In matching companies with needed workers, Fort Worth Works puts significant emphasis on identifying and addressing training needs. During the initial meeting with a company, employment needs are discussed and it is then determined whether an appropriate training institution needs to be involved. Among some of the program’s successful efforts to link companies with workers and address training needs in the process:

Trinity Industries, a rail car manufacturer, landed a huge deal with Burlington Northern. The manufacturing company was faced with the difficult task of locating more than 600 welders in a tight labor market. Fort Worth Works brought together the company, the local school district adult education program and the local Job Training Partnership Act employment and training agency. A system was established to involve all of these organizations in the effort to locate qualified welders. The school district established a short-term welding training program to teach the basics. The employment and training agency screened the welder applicants for JTPA eligibility. The company provided funds for training and supplies. The welding students became company employees on their first day of training; when they passed the basic course they could start in the company’s internal training program. Through this system the company recruited the welders it needed. Of the 650 hired, 415 came from inner-city neighborhoods. Trinity ignored what would otherwise have been considered barriers to employment – such as no English-speaking ability, no high school diploma, or a criminal record – among these workers. The starting wage for those hired was $9.50/hour, with an increase to $10.50/hour within 90 days.

When Intel Corporation announced its plans to open a plant in the Alliance Corridor, Fort Worth Works worked closely with the Tarrant County Junior College to let Fort Worth residents know about the newly established semi-conductor manufacturing program that was to be offered. The staff assisted the College in advertising the open house event which introduced the program. They also held assemblies at various high schools in which representatives of the College and Intel could brief the seniors about the training and employment opportunities involved. Approximately 400 students have been enrolled each semester in the Junior College’s semi-conductor manufacturing technology program.

To identify prospective employees for its new night sorting operation at the Alliance Airport which opened in September 1997, Federal Express participated in a number of job fairs and community events sponsored by members of the Fort Worth Works Consortium. These events generated over 1,000 applications. Of the 553 people who were hired, 29 percent resided in central city neighborhoods and another 29 percent resided in other Fort Worth neighborhoods. While they were hired for part-time jobs, they nonetheless received health and other benefits.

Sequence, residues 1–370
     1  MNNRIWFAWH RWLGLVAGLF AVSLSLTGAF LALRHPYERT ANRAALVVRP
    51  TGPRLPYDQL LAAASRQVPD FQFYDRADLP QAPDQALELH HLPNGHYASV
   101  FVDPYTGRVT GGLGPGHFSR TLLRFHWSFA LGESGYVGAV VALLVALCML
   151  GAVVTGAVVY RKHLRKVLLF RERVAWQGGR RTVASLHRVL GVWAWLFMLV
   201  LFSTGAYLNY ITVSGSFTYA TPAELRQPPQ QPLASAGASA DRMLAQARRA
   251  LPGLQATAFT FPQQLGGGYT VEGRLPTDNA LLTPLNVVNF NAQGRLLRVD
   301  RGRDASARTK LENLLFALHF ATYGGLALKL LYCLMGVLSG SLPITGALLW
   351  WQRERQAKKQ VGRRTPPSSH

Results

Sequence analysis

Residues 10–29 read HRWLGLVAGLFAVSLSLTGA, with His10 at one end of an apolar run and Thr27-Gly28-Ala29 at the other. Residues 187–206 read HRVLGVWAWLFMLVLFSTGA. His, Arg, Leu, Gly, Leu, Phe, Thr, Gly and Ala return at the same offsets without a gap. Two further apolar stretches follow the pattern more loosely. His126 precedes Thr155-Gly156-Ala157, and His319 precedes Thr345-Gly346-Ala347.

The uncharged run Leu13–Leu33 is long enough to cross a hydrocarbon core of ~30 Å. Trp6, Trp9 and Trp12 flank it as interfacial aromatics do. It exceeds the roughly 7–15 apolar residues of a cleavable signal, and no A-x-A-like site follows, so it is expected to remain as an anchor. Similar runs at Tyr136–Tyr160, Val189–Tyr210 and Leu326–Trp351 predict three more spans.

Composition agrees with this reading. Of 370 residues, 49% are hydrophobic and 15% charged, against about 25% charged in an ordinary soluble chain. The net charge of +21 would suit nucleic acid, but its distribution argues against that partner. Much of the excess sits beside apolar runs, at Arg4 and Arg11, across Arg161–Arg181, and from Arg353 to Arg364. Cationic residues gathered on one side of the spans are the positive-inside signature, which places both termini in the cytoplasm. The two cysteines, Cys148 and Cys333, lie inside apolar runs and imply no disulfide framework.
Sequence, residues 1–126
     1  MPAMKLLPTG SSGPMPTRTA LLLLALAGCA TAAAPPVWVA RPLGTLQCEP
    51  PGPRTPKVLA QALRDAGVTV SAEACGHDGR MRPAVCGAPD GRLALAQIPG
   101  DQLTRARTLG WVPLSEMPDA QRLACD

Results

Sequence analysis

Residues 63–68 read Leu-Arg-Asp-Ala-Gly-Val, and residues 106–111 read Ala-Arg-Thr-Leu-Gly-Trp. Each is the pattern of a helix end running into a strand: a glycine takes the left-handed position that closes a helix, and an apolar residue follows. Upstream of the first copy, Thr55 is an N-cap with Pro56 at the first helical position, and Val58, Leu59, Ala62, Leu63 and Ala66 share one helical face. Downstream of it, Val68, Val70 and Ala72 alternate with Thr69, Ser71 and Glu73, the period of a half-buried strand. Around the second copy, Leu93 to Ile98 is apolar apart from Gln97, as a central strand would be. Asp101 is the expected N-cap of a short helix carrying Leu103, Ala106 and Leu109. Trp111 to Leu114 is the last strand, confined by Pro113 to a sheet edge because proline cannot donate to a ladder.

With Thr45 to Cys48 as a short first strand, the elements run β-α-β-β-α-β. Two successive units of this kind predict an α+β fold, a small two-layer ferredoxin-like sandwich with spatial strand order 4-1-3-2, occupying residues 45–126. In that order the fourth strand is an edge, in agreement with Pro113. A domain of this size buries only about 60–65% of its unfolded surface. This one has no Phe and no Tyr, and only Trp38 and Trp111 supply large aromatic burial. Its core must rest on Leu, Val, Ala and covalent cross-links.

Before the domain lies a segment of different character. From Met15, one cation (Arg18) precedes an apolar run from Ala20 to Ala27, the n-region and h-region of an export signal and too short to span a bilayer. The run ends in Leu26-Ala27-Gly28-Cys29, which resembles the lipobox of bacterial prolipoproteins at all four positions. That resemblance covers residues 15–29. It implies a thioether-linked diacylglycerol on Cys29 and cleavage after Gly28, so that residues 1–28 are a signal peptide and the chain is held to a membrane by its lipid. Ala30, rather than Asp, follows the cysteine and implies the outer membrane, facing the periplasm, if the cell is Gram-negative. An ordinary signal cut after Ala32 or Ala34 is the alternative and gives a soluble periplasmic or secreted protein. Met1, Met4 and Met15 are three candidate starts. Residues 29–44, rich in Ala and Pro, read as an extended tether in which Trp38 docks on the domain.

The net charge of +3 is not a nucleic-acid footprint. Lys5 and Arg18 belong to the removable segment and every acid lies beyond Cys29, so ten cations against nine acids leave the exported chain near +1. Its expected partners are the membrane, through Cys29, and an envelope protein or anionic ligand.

Transportation -- Because no public transportation was available between Fort Worth’s inner-city areas and the Alliance Corridor, Fort Worth Works worked with the Transportation Authority to expand bus service between the City and the Corridor. The additional service began in January 1997. The Alliance Opportunity Center, a "One-Stop" employment service, provides transportation between a central bus stop in the Alliance Corridor and the individual company work sites.

Child Care – The City has just established a $100,000 fund using neighborhood improvement grant funds to assist prospective employees who need child care in order to be able to take a job. The employees receive assistance funds on a declining basis for 90 days, but must show that they have made arrangements to continue child care after the period of assistance is over.

"Over the last few years, Fort Worth has worked hard to attract thousands of high tech jobs – jobs that pay good wages and have good fringe benefits," says Fort Worth Mayor Kenneth Barr. "Until we created Fort Worth Works, we had no effective way of linking the new jobs with our citizens, particularly those living in the under-served areas of the central city. Thanks to Fort Worth Works, our citizens are successfully landing the outstanding jobs that are coming to Fort Worth, and our employers are finding the skilled and/or highly trainable workers they need. It’s a winning effort."

Contact: Sam Krhovjak, Director, Fort Worth Works, (817) 871-8634

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The United States Conference of Mayors

J. Thomas Cochran, Executive Director